These penalties essentially limit the cost of compliance but represent a significant expense and companies will certainly look to reduce emissions through more cost-effective renewable electricity purchases. A renewable energy certificate (REC) is a type of tradable certificate that represents the environmental attributes or benefits of generating electricity from renewable sources. Also known as a renewable energy credit, each REC represents the environmental attributes associated with the generation of one megawatt-hour of electricity from solar, wind, and other renewable sources. These certificates are tracked and verified by independent third-party organizations to ensure their credibility and accuracy. A company can report lower Scope 2 emissions by purchasing and retiring RECs. While there are many sources of RECs, with costs as low as $2.00 per MWh, the city ordinances generally require that any RECs used to meet the mandated emissions targets meet the same criteria as the state RPS or clean electricity standards, meaning they must come from new in-region renewable generation sources often known as Class I RECs in New England. New York’s LL97 is especially strict, only allowing RECs from renewable projects that deliver directly into the New York City grid (NYISO Zone-J).
With increasing RPS requirements, looming federal policies, increased pressure on companies to voluntarily reduce emissions, and a growing patchwork of municipal carbon reduction regulations there may not be an adequate supply of quality RECs in the long-term and this increasing demand is likely to drive up prices. New England states have escalating RPS obligations and carbon emissions reduction targets that are expected to drive demand for RECs from New England based renewable energy generators. A primary strategy for emissions reductions is to electrify heating and transportation, which will increase the regional electric load and further drive demand for RECs to meet the RPS obligation for this larger load. The ordinances in Boston and Cambridge Massachusetts as well as Providence, Rhode Island that require emissions reductions for individual building owners are also expected to cause a notable increase in demand for in-region RECs.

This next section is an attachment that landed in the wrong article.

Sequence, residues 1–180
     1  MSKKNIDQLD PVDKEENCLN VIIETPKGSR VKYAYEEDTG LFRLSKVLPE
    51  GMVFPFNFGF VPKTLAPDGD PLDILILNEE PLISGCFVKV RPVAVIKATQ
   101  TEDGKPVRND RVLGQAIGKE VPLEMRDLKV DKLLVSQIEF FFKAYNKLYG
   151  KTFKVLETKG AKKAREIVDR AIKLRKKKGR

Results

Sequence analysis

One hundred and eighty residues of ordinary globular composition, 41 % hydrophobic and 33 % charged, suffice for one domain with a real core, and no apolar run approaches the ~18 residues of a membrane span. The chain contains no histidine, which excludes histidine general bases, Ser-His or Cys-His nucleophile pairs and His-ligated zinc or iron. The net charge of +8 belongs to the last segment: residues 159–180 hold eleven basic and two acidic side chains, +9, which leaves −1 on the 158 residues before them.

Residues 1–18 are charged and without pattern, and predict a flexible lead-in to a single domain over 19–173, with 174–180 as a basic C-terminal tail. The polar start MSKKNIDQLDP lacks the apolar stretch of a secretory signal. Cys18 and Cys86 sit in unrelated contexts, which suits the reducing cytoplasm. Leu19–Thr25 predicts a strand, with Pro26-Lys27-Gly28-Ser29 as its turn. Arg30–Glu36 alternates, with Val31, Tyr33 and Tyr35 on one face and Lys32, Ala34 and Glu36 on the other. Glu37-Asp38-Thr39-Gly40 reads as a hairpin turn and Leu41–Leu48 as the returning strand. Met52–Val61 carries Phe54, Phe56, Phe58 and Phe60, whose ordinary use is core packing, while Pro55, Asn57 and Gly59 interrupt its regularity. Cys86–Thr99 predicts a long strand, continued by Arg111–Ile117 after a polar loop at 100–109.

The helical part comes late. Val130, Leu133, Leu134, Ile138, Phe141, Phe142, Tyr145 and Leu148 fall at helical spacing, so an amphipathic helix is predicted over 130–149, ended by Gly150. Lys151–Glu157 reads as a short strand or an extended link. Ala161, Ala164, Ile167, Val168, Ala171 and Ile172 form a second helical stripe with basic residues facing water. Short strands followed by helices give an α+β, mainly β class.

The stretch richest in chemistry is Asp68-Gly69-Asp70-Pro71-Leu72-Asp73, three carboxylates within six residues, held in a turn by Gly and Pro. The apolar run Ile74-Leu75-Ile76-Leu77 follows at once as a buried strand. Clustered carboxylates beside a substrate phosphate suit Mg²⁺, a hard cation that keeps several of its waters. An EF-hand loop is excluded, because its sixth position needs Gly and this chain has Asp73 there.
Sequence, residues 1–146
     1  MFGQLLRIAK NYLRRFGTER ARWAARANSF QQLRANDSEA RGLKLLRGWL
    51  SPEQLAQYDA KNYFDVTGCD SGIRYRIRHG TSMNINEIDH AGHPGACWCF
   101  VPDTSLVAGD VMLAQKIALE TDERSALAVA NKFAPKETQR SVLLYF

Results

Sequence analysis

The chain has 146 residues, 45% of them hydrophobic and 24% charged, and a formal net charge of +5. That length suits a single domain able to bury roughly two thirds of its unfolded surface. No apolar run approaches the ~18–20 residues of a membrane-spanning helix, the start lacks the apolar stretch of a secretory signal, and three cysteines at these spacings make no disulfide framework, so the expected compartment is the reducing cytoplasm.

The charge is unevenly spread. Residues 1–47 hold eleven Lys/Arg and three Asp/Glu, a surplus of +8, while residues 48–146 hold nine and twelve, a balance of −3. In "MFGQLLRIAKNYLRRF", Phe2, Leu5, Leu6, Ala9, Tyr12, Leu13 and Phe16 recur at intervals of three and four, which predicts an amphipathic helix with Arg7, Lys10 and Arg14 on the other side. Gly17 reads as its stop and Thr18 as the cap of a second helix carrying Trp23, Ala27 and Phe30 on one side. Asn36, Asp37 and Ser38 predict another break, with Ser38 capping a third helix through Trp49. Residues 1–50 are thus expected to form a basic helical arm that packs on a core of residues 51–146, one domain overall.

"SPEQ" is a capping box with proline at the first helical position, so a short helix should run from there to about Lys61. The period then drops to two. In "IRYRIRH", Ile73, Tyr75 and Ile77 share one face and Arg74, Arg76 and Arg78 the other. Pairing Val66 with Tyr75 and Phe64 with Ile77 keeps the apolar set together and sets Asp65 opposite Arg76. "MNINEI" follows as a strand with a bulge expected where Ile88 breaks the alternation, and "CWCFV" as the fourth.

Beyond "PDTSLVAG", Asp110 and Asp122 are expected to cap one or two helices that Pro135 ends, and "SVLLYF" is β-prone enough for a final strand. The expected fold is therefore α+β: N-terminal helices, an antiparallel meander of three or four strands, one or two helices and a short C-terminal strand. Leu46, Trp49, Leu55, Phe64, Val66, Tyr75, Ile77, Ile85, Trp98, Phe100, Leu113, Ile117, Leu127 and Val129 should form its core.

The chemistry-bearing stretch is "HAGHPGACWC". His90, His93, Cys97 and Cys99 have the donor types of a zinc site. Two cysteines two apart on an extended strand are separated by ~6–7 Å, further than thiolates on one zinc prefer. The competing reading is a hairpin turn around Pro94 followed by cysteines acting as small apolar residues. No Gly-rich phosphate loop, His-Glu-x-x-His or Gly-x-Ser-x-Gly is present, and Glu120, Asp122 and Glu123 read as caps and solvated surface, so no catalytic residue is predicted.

Renewable and Clean Electricity Targets Across New England
As shown below, the majority of RECs in New England are expected to come from new wind projects with more than 18,000 MW of offshore wind already slated for Massachusetts, Connecticut, Rhode Island and Maine. The growth of New England’s Class I REC supply will depend on the speed with which these offshore wind farms are built in the coming years. Interconnection of these wind facilities at scale requires major upgrades to the regional bulk power system. As we have seen with the New England Clean Energy Connect (NECEC) hydroelectric transmission line, these types of projects can be controversial and difficult to move forward. While the outlook for renewables in New England looks promising, there are many opportunities for progress to lag the statutory requirements. If, for example, there are significant delays in the development of wind off the coast of Maine and/or if the NECEC transmission line between Quebec and Maine that will delivery hydroelectric power into New England is not successfully developed, there may not be enough RECs available in the market to meet compliance obligations, especially if electric loads across New England grow with state-sponsored policies to advance transportation electrification and the widespread adoption of air source heat pumps. If this type of compliance shortfall occurs, the voluntary market would also see a limited supply of RECs with high demand driven by the factors discussed above.
Supply of New England RECs